Bitcoin as “Digital Gold” is Bad for Crypto Adoption

“Digital Gold” vs. “Digital Cash”

The core Bitcoin network has a scaling problem, and has had this problem for a while now. As more and more transactions try to fit in Bitcoin’s 1MB blocks (once every 10 minutes), network fees have skyrocketed to $5-10 dollars, and that’s even a little low if you want your transaction confirmed within an hour or so.

One response to this problem, especially from supporters of the Bitcoin Core roadmap, is to ignore the problem to some extent. As Bitcoin has seen more attention over the last few years, the price has risen dramatically. As a result, many are now claiming that Bitcoin is not meant to be a “means of exchange” or a form of “digital cash” for day to day transactions. Rather, their viewpoint is that Bitcoin should be seen as a “store of value” or “digital gold”.

To be clear about my biases in this space – I think cryptocurrencies are at their most interesting and valuable as a means of exchange; a way to do truly global, peer-to-peer, decentralized cash. I do not care at all for the risky speculative investing that goes on in the crypto space; I believe these currencies should be used or held in small amounts, allowing one to learn more about this fascinating technology and spread adoption.

With that said, I don’t have a problem with a digital currency being used as a long term store of value like a “digital gold”. There is plenty of room in the crypto space for currencies that solve different problems in different ways. I do, however, think there is a big problem with Bitcoin being the currency of choice for that use case.

The Bitcoin Brand, and the problem with Bitcoin as “Digital Gold”

Let’s be honest, fellow crypto nerds. How many people in your daily life have actually heard of Bitcoin? And how many of them actually understand it, at least at a high level? How many people actually own some and use it? If you’ve got the same variety of people in your life as I do, the percentage isn’t that high.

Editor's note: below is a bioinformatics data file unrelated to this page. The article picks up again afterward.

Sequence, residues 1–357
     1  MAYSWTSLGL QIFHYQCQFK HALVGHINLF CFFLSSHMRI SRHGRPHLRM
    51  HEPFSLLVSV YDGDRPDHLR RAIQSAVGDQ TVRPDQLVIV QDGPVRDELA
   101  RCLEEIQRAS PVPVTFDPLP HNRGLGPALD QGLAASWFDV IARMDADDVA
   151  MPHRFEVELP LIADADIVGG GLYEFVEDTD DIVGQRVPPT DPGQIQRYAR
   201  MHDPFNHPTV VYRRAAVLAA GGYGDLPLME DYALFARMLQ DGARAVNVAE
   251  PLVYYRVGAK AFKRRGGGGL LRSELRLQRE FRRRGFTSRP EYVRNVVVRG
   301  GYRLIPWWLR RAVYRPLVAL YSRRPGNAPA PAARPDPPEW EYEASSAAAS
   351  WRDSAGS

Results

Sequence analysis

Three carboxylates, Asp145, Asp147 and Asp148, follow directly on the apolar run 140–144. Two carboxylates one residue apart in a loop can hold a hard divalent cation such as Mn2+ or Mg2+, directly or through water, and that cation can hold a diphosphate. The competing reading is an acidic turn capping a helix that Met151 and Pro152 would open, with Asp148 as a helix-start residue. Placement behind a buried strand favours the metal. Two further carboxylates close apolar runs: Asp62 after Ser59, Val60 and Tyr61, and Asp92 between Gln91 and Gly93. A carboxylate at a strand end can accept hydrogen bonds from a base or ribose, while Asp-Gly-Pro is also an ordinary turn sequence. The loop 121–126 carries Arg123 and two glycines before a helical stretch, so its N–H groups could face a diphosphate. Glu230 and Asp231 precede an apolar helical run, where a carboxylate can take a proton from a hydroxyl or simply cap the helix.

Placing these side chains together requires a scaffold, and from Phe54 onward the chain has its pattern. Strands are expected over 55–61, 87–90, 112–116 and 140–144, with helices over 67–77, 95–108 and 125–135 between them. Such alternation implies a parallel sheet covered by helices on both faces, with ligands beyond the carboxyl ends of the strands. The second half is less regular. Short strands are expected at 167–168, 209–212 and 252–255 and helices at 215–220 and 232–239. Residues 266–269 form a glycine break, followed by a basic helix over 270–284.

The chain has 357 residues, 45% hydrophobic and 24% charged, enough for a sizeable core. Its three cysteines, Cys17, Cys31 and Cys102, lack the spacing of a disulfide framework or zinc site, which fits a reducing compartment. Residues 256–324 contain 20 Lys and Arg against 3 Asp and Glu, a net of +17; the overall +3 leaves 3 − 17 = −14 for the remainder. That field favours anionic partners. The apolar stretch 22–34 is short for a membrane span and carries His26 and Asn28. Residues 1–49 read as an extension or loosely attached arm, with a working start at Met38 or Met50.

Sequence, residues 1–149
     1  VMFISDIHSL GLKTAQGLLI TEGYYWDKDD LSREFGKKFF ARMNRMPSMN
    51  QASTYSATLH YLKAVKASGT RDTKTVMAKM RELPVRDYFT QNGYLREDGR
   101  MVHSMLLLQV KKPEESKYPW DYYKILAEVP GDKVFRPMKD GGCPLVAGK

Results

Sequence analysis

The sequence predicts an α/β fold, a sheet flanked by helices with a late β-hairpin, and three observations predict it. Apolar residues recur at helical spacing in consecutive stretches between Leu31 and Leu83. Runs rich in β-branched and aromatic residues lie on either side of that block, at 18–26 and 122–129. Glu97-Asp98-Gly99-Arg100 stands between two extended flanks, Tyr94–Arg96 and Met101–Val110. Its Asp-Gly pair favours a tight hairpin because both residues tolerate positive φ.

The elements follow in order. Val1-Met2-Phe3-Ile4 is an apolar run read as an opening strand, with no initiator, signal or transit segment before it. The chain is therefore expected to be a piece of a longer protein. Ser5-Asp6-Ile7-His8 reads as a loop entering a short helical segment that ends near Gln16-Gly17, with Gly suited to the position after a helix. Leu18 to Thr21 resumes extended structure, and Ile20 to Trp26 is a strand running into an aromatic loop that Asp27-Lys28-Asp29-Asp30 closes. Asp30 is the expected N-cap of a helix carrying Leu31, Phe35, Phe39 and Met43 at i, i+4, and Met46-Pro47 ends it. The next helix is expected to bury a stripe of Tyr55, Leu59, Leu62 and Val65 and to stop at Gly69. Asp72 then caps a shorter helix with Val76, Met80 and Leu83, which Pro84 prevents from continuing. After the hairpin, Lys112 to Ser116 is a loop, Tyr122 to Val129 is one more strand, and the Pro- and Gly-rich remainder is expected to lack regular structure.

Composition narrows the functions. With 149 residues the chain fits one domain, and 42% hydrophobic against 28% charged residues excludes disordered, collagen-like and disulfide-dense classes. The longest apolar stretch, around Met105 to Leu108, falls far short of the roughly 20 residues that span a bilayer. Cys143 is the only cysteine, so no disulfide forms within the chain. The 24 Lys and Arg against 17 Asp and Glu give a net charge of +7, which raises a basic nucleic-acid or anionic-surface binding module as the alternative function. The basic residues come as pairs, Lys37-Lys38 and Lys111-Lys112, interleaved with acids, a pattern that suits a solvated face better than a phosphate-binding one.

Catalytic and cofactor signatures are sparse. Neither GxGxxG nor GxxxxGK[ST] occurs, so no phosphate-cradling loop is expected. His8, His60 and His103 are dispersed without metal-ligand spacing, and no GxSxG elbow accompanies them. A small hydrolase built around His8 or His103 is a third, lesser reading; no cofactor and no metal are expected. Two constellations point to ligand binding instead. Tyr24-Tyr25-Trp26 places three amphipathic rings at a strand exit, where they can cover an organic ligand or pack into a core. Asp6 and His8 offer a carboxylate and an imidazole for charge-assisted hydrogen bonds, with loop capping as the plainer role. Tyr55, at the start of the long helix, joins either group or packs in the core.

Now how many of that small subset of Bitcoin-aware people in your life know about Bitcoin Cash? Ethereum? Litecoin, Vertcoin, Monero, Dash? It’s an even smaller percentage, surely. Even if they’ve heard of them, do they understand how these alternatives to Bitcoin solve different problems? We’re down to a sliver of people that understand and adopt these different currencies beyond Bitcoin.

Herein lies the crux of the problem:

Bitcoin is the defacto cryptocurrency. It is the face of digital money, the storefront, the brand, however you want to refer to it.

Whether anyone likes it or not, Bitcoin is what most people hear about first when they hear about cryptocurrencies. And with a now large chunk of the Bitcoin community marketing this as “digital gold”, we have the potential to miss out on opportunities for widespread adoption in the coming years.

More and more businesses are going to become interested in adopting cryptocurrencies as a form of payment, they’re going to want to start with Bitcoin. It is the biggest after all, and the original value proposition we still see on is “fast peer-to-peer transactions” and “low processing fees”. The reality is far from that, however. When the coffee shop owner realizes his or her customer will have to pay $10 to buy a $3 coffee, they’re not going to find Bitcoin usable for their business. How many of the already small percentages of crypto-curious entrepeneurs are going to take the time to understand Bitcoin Cash, Litecoin, or Dash? Many will probably say: screw this and return to business as usual with fiat.

Satoshi’s “Peer-to-peer electronic cash” – How Does Bitcoin Continue That Vision?

The problem is not a cryptocurrency as “digital gold”, the problem is Bitcoin as “digital gold”. The original promise of Bitcoin was indeed a global, peer-to-peer, low fee alternative to centralized payment processors like Visa, Mastercard, or PayPal. But as the Bitcoin community shifts away from that vision, they take the adoption of that vision with them.

With a functional implementation of the lighting network at least two years away, and the lack of press for already-scaled alternatives like Bitcoin Cash, Litecoin, etc., it concerns me that adoption of cryptocurrencies will stall. I don’t at all fear that they will go away or stop the ceaseless flow of innovation that we’ve seen since the advent of Satoshi’s brilliant whitepaper. But I do worry that Bitcoin’s current scaling problems and the community’s attitude toward it will lead to several years of stalled adoption in the mainstream. I do hope, however, the problem gets fixed soon and that I am wrong.

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